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I have a deep learning configuration in which I obtain good results on the validation set but even better results in the training set. From my understanding this means that there is overfitting to some extent. What does this mean in practice? Does it mean that my model is not good and that I should not use it? If I decrease the gap between the validation and training accuracy (decreasing the overfitting) but at the same time decrease the validation accuracy, which of the two models is better?

Below are some images to illustrate the two situations outlined previously:

High validation accuracy and even higher training accuracy

Smaller gap between validation and training accuracy

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  • $\begingroup$ Higher validation is almost always better. If you think about it, the best network in regards to keeping the difference between training and validation is one that's terrible, because it will perform equally bad on both. If you're validation accuracy is increasing, you can be confident that if the network is over-fitting to the training data, it isn't to the point where it impacts performance. There will always be some level of over-fitting, but if validation accuracy continues to increase, that's ok. $\endgroup$ – Recessive Sep 22 at 7:26
  • $\begingroup$ This is not overfitting, but the (always expected, in some degree) generalization gap. $\endgroup$ – desertnaut Sep 24 at 16:24
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Validation results will almost never be as good as training results; that's just natural. As long as they are not too different, you should be fine. What "too different" means depends on the particular data set and model you're using.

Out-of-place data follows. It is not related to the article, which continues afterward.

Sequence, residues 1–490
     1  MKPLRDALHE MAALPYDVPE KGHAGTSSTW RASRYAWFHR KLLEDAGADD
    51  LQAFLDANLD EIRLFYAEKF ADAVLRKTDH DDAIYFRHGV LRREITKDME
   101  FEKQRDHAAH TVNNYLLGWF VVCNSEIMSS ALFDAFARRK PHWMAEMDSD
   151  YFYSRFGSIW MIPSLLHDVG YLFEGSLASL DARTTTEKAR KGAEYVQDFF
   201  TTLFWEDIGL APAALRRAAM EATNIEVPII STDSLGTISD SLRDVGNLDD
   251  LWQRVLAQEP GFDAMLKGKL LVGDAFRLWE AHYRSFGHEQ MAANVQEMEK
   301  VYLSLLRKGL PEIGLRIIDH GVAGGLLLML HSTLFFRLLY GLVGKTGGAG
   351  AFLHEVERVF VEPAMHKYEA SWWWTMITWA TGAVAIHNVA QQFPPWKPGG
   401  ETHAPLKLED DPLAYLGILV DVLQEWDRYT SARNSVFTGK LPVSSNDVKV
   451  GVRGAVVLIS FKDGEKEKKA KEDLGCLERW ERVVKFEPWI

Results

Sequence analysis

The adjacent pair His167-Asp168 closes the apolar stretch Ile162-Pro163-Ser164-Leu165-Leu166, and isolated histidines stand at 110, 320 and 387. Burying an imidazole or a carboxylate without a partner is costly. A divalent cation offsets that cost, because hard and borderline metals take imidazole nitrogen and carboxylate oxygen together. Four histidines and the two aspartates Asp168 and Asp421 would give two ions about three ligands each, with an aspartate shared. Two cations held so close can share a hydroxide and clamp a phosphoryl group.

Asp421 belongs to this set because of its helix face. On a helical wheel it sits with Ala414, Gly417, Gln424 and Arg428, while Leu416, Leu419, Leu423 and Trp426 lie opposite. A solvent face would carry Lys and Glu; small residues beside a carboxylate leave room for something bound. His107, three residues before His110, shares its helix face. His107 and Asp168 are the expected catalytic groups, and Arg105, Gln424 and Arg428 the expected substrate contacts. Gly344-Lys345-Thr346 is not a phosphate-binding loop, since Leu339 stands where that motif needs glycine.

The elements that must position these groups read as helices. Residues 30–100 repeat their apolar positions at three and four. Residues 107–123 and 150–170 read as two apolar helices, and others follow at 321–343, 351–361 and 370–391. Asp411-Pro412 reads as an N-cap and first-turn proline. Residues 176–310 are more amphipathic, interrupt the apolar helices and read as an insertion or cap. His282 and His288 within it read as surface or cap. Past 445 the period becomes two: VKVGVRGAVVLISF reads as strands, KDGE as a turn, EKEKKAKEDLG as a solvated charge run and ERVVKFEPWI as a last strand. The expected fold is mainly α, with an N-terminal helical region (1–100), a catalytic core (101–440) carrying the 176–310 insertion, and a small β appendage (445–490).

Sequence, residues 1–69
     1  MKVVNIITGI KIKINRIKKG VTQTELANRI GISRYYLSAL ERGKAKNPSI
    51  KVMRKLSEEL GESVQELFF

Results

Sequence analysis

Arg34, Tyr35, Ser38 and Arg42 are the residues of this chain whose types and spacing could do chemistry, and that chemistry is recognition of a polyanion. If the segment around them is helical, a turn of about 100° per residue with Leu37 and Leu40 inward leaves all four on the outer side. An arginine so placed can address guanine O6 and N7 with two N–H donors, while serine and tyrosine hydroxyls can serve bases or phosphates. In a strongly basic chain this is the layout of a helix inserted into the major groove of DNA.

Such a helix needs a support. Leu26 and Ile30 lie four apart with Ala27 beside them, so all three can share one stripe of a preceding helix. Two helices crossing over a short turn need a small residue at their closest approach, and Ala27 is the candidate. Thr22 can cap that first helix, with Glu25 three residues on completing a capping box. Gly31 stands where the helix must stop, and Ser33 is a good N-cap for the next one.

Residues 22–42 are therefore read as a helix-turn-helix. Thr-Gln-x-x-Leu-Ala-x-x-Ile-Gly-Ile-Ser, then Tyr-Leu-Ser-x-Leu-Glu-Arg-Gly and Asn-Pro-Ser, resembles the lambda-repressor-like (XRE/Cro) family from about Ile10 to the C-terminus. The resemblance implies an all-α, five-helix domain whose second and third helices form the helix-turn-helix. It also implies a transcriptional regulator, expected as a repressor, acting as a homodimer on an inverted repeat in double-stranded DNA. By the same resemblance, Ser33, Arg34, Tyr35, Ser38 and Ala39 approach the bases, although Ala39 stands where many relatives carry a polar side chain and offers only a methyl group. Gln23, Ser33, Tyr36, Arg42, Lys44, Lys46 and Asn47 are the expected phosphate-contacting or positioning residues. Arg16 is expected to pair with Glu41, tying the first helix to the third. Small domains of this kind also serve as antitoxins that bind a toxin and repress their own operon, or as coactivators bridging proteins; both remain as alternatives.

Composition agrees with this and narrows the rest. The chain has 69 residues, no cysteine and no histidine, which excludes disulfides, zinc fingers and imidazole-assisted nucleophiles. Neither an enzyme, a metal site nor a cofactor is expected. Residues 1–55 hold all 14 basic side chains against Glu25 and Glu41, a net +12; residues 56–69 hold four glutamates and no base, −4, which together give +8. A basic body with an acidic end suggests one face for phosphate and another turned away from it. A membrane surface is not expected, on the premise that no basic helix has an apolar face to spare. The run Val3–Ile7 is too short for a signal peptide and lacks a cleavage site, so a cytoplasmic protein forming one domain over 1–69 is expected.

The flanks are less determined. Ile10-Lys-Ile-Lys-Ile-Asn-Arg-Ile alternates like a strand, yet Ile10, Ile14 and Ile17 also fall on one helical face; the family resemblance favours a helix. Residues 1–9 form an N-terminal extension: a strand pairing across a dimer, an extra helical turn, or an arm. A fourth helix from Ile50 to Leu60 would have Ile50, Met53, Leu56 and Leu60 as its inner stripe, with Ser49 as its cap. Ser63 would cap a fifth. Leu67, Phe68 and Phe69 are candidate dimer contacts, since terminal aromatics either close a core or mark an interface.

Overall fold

If you plot the curves for varying parameter values, when the training error keeps going down but the validation error starts going up again, that's when you know there is overfitting. In your second graph, after 14 epochs, we might see the start of overfitting. If you continue this until 20 epochs or so, it should be even more clear. I would guess that 12 is probably a good value for the number of epochs for that problem.

In the first graph, we don't see that happening yet. The model might not be well-suited (the gap between training and validation results is a bit larger) but that can also be because of too little data, or other factors. Perhaps that's just the best you can do; there might be noise in the data or something.

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